Successfully sponsoring a loved one is just the beginning of their journey in Canada. The post-sponsorship period is a time of adjustment and settling down, and taking the right steps can set the foundation for a seamless transition. Encourage your partner to be proactive, access available resources, and, most importantly, enjoy their new life in Canada with you by their side.

The process of sponsoring a partner can differ based on whether it’s an “Inland” sponsorship (both sponsor and sponsored person are inside Canada) or an “Outland” sponsorship (sponsored person is outside Canada). Here’s a bullet point comparison of the post-sponsorship steps for each:

Inland Sponsorship (within Canada)

  • Initial Status: Sponsored partner is typically already in Canada, often on a temporary status (visitor, student, or worker).
  • Work Permit: In some cases, the sponsored partner can apply for an open work permit alongside the sponsorship application, allowing them to work for any employer while waiting.
  • Remaining in Canada: The sponsored person is expected to remain in Canada during the processing of the application. Leaving might not be recommended as there’s a risk they might not be allowed to re-enter.
  • Official Landing: There’s no need for an “official landing” like in the Outland process since the sponsored person is already in Canada. They transition to permanent residency once approved.
  • PR Card: Since they’re already in Canada, they can provide a mailing address immediately, ensuring the PR Card is sent without delay.
  • Healthcare: Depending on the province, they may already have access to provincial healthcare due to their temporary status. If not, they should enroll upon receiving permanent residency.

Outland Sponsorship (outside Canada)

  • Initial Status: Sponsored spouse is outside of Canada or can be in Canada but willing to leave for the visa processing.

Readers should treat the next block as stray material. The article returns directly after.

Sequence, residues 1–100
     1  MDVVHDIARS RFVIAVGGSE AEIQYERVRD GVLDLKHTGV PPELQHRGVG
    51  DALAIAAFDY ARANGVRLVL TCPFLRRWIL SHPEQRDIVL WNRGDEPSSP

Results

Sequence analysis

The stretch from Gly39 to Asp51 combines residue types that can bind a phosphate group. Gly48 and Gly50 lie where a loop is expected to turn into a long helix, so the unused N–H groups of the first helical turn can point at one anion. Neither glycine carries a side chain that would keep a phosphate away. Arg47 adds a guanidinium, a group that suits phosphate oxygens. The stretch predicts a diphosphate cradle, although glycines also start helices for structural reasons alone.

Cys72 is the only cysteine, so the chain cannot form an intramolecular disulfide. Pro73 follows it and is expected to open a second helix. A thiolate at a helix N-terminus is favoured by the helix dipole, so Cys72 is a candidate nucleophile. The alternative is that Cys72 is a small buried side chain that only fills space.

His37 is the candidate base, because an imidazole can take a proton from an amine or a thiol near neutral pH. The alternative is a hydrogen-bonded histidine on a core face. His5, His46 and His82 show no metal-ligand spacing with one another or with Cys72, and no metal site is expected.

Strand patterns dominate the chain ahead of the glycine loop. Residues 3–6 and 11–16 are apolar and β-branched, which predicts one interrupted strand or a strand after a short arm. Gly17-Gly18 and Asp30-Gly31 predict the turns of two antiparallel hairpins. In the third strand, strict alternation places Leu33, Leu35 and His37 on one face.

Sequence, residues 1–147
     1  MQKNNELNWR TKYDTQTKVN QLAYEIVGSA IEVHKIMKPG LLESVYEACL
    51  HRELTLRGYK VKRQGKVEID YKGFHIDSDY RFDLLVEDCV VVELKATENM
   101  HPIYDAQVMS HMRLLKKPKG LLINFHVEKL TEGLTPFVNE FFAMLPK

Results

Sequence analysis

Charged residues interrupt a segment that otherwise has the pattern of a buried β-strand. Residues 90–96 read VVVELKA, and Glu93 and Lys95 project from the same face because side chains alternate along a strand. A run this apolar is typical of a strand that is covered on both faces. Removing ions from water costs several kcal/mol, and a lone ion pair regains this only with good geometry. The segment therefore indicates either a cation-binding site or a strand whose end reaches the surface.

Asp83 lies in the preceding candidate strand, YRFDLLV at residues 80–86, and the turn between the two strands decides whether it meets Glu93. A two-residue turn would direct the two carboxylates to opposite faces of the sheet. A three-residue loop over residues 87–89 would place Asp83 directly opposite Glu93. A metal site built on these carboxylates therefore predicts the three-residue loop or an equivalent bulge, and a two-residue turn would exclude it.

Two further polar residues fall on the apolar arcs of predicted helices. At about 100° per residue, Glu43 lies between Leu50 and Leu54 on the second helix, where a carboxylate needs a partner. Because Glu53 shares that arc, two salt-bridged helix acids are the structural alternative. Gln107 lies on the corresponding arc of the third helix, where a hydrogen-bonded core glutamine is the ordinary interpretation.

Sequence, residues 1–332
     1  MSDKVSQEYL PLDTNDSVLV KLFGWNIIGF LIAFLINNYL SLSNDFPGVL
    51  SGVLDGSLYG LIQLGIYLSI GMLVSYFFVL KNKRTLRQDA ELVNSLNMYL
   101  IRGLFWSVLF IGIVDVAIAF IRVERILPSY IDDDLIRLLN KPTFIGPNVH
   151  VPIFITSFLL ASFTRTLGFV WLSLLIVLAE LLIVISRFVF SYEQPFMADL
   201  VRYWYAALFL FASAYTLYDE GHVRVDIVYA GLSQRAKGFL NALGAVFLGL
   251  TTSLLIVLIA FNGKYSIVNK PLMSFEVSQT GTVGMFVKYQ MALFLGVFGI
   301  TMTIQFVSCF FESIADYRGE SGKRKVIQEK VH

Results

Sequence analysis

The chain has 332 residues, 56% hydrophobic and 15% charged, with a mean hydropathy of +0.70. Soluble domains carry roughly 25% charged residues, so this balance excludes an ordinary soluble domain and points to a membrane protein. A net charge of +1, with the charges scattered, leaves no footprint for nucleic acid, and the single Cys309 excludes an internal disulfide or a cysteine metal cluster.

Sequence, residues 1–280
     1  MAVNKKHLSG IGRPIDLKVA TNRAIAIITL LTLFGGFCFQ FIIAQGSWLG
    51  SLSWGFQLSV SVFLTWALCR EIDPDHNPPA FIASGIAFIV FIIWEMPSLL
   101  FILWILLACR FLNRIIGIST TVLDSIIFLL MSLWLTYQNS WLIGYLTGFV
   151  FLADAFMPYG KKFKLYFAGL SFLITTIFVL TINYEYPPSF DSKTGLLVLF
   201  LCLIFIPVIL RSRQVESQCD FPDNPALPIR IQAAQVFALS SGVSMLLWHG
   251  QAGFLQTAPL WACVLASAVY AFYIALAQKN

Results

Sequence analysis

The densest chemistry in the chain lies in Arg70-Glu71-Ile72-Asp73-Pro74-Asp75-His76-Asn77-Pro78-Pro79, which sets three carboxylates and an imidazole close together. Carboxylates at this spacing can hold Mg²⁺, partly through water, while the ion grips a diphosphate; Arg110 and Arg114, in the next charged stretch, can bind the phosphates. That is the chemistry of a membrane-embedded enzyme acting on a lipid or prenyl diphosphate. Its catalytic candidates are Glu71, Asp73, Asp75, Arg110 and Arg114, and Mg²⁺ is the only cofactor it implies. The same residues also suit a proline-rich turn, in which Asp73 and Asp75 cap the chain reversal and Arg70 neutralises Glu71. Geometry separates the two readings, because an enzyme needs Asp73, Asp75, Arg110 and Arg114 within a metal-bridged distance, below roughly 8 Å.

• Work Permit: The Outland applicant doesn’t have the same provision for an open work permit while waiting for the sponsorship decision. If they’re in Canada, they’ll need a valid reason (e.g., a valid study or work permit) to work.
  • Travel to Canada: The sponsored spouse can technically travel to Canada while the application is being processed, but they might face scrutiny at the border. It’s essential to have all documents indicating they intend to leave after their visit.
  • Official Landing: After approval, the sponsored spouse must travel to Canada to “land” officially. They’ll need to present their COPR and visa at the CBSA to finalize their permanent residency.
  • PR Card: They’ll need to provide a Canadian address upon landing or within 180 days to receive their PR Card.
  • Healthcare: Once they land and become a permanent resident, they should enroll in the provincial healthcare system. Consider bridging private insurance if there’s a waiting period.

Similarities for Both Inland and Outland Sponsorship:

  • Both routes require the sponsored person to obtain a SIN from Service Canada once they become a permanent resident.
  • Building credit, community integration, understanding PR obligations, and planning for potential citizenship are steps common to both routes.
  • Keeping records of all documents and correspondence related to the immigration process is equally crucial for both methods.

Remember that while these are general guidelines, the specific situation or changes in immigration policies can affect the process. Always consult the official IRCC website or consider seeking guidance from an immigration expert for the most up-to-date and accurate information.